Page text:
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Navy Medical Corps Worries Future Funding Cuts Will Result in Fewer Doctors

Lt. Cmdr. Joanne Elston assists with surgery on a simulated casualty during an Expeditionary Medical Facility (EMF) training course at Naval Expeditionary Medical Training Institute (NEMTI). US Navy Photo

The Navy’s push for a more lethal force could route money away from the service’s cadre of medical professionals, USNI News has learned.

Service medical community leaders at the Bureau of Medicine and Surgery (BUMED) are worried a Department of Defense plan will reduce the number of military medical personnel across all service branches, possibly as early as the Fiscal Year 2020, according to command guidance viewed by USNI News.

The BUMED guidance explains that DoD officials are considering the military medical billet reduction as part of the Program Objective Memorandum (POM) 2020. Each service branch is to manage how they reduce their medical staffs.

“We expect many of the billet cuts to the Navy medical department will be re-invested in other Navy priorities and communities that increase lethality,” the BUMED guidance stated.

The total number of billet cuts under consideration is not known, according to the BUMED guidance. Navy Medicine has about 63,000 personnel providing health care around the globe to active duty sailors and Marines, their families and veterans, according to the Navy.

The possibility of cutting the number of medical personnel comes at a time Navy leadership routinely talks about growing the force. The Navy finished FY 2018 with 329,851 active duty personnel, according to the Department of Defense. The Navy is authorized to have 335,400 active duty personnel, according to the FY 2019 National Defense Authorization Act.

During the next couple of decades, as the Navy’s fleet expands to a planned 355 ships, more sailors will be required to operate the additional ships entering service. When asked how possible cuts to Navy medical staffing levels will affect the readiness of a Navy with more personnel, BUMED officials directed all future budget questions to the Navy’s Office of Information.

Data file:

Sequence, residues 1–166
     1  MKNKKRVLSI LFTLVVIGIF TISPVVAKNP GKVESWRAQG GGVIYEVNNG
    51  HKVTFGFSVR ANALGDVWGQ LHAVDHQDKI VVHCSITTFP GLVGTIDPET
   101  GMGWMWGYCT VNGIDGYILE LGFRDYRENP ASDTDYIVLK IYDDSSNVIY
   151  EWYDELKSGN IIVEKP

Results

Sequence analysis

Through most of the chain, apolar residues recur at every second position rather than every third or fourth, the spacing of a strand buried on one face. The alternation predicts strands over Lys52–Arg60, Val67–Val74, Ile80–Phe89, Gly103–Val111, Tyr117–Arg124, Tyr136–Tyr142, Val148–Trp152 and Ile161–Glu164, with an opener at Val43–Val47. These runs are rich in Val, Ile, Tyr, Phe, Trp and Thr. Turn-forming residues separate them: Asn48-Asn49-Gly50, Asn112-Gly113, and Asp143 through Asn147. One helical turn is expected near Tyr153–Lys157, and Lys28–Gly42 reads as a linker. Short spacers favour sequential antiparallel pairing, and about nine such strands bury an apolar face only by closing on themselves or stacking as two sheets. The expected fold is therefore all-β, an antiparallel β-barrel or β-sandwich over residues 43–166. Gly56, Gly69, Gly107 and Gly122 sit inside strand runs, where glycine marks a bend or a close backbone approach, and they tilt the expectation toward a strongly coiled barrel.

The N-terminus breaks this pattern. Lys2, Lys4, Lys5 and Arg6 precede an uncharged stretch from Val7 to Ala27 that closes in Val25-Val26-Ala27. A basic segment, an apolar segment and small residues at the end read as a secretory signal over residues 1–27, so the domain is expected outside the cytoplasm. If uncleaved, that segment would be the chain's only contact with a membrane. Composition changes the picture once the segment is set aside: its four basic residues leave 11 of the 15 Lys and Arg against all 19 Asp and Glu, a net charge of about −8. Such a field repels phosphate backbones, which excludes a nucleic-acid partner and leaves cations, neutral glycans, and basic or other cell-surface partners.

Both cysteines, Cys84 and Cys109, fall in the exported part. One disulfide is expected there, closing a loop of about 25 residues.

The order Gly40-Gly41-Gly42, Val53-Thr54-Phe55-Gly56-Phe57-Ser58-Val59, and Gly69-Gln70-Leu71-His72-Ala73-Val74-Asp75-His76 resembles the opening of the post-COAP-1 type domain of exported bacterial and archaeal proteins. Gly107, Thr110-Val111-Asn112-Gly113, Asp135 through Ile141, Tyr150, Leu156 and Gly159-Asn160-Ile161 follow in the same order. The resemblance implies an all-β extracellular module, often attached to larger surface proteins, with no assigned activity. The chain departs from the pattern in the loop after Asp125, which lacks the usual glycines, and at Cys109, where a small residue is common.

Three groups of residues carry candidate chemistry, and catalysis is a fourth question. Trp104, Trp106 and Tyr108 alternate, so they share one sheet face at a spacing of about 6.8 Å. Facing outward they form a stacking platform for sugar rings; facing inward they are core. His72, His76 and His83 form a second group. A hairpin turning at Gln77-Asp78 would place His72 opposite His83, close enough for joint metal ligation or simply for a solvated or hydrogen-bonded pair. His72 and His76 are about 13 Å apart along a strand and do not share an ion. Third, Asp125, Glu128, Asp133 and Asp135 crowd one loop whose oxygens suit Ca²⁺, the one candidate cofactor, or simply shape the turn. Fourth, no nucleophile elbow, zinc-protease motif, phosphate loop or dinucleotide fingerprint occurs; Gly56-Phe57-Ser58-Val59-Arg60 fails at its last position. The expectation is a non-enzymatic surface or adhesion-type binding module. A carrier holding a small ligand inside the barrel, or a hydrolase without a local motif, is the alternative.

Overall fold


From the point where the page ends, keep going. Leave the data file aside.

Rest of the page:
For now, any talk of pending Navy medical staff reductions in the negotiations for the Navy’s future Program Objective Memorandum (POM) are premature, Navy spokeswoman Lt. Lauren Chatmas told USNI News.

“Anything you may have seen about POM-20 are just options as we strive to find the best balance to support the defense strategy while also being responsible stewards of taxpayer dollars. This is what the POM process is for – to review all accounts in determining the best balance of investments,” Chatmas said.

However, Navy medical leaders expect the possible funding cuts will reduce staff in operational medical capabilities – such as expeditionary medical facilities – and reduce the scope of services available at facilities across the military health system, according to the BUMED guidance.

A reduction in funding for graduate medical education and other medical training programs was singled out by BUMED leaders as one cut they intend to fight. The Navy is months away from finalizing its contribution to DoD’s POM-20, but BUMED is already creating a strategy to “request partial restoral of POM-20 issue cuts; especially Student/Training accounts,” according to the BUMED guidance.